Queensland Law Society

QLS appears at human rights hearing

On Thursday 9 June 2016, Queensland Law Society representatives appeared before the parliamentary Legal Affairs and Community Safety Committee’s public hearing into whether it is appropriate and desirable to legislate for human rights in Queensland.

QLS president Bill Potts was joined before the committee by the Honourable Richard Chesterman AO RFD QC (a member of the Queensland Law Society Human Rights Working Group) and Dan Rogers (chair of the working group).

The president’s opening statement highlighted that the Society, through the thorough and considered work of its Human Rights Working Group, had examined the complicating factors and uncertainties germane to human rights legislation enacted in other jurisdictions in order to inform Queensland’s government of the necessary cautions to be applied if and when it elects to follow suit.

The president also said he considered it incumbent on the Society, as the state’s peak legal body and with an eminently constituted Human Rights Working Group, to stand ready to provide comment on and legal advice concerning any draft legislation the government might elect to put forward, in fulfilling our role to assist this important reform.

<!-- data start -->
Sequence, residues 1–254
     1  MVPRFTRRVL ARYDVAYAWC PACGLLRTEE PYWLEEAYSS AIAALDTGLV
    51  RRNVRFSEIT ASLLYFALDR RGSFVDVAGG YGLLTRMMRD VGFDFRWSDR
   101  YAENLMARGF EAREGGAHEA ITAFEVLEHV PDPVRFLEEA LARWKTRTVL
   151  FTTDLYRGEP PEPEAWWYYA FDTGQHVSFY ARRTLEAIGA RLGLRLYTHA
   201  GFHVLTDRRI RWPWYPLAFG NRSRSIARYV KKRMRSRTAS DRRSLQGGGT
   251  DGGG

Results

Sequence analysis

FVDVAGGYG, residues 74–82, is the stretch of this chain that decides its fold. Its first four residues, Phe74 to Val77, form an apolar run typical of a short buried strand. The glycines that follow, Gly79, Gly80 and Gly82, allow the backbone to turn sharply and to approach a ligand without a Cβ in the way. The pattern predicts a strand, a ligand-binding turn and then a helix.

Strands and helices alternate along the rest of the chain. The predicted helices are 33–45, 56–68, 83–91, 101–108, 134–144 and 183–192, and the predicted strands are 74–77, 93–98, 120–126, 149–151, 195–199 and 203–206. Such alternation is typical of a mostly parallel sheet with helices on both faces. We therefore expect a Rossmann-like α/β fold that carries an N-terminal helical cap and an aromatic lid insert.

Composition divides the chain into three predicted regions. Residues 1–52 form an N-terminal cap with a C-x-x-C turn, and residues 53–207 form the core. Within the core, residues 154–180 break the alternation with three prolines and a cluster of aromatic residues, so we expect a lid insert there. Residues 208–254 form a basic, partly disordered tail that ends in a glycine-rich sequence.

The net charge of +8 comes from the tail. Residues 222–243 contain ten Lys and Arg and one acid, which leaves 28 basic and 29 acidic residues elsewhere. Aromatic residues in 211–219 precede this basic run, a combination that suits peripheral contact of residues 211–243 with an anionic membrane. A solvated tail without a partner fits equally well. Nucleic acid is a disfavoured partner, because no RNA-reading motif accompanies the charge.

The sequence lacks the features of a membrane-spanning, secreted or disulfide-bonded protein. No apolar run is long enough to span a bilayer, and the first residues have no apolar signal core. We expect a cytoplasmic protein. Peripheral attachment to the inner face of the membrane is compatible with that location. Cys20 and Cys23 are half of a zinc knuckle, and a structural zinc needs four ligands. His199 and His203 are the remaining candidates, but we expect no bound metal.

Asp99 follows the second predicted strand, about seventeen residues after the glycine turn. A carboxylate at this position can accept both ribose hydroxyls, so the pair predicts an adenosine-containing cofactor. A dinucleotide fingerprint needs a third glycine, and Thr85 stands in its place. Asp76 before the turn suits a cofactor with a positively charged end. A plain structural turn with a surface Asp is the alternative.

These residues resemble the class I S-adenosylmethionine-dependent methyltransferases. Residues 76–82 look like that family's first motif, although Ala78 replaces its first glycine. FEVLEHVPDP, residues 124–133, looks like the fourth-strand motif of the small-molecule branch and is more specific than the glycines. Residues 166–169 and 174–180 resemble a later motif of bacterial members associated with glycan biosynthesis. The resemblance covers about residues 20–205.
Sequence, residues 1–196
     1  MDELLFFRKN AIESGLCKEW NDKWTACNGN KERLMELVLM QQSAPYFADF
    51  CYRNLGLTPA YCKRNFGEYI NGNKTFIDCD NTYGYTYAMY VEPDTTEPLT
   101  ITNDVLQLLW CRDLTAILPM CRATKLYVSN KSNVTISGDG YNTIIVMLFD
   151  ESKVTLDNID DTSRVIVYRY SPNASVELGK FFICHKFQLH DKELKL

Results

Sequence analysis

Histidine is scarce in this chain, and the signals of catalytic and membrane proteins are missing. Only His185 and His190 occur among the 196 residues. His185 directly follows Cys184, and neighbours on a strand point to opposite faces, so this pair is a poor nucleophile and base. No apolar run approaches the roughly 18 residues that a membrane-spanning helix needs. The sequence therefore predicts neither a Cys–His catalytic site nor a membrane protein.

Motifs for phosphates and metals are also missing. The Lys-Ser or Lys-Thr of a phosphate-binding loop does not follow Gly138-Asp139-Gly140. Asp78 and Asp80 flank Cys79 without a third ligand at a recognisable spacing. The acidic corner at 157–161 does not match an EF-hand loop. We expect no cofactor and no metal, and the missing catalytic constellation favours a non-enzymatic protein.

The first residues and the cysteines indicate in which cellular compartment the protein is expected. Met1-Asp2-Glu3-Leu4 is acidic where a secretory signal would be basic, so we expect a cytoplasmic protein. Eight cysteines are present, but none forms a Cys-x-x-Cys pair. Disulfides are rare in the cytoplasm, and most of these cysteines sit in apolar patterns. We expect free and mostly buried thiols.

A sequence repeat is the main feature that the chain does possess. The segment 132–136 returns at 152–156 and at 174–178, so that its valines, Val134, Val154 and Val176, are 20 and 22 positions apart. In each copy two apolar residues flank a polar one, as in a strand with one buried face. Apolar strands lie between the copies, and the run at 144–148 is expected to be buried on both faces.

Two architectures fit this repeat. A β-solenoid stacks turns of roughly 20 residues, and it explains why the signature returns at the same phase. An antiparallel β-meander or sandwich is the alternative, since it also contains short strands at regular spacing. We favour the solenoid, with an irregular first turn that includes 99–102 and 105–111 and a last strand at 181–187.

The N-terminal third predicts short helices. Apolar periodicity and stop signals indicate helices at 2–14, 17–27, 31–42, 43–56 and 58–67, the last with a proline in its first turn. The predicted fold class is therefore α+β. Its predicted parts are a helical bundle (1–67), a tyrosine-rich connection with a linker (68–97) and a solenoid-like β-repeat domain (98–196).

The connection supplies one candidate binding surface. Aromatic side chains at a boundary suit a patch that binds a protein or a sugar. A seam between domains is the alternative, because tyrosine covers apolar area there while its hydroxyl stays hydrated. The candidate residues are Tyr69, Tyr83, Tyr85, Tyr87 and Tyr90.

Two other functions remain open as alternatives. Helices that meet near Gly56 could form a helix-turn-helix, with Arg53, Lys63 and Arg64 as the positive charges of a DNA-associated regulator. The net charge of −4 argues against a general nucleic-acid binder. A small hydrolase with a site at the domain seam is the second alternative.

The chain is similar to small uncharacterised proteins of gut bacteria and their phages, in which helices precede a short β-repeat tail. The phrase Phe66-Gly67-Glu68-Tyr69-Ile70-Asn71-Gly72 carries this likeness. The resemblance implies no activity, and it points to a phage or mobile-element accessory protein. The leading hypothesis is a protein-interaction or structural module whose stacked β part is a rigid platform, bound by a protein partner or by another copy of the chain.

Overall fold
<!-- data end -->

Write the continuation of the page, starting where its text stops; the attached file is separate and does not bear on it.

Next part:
Mr Rogers (the substantive author of the Society’s submissions setting out proponent arguments for human rights) highlighted the support for a dialogue model of human rights legislation to be introduced, which would underpin a both a renewed and proactive approach to the delivery of public services, as well as a cultural shift in the manner in which these services might be delivered.

Mr Chesterman advocated against a broad human rights Act addressing any current gaps in enforcement of peoples’ rights, and highlighted that cultural change ought to stem from executive guidance rather than be effected via legislation.

Regardless of the outcome of the parliamentary committee’s recommendations, the president underscored the Society’s support for evidence-based policy, and the practical, concrete betterment of laws for Queensland’s most vulnerable citizens.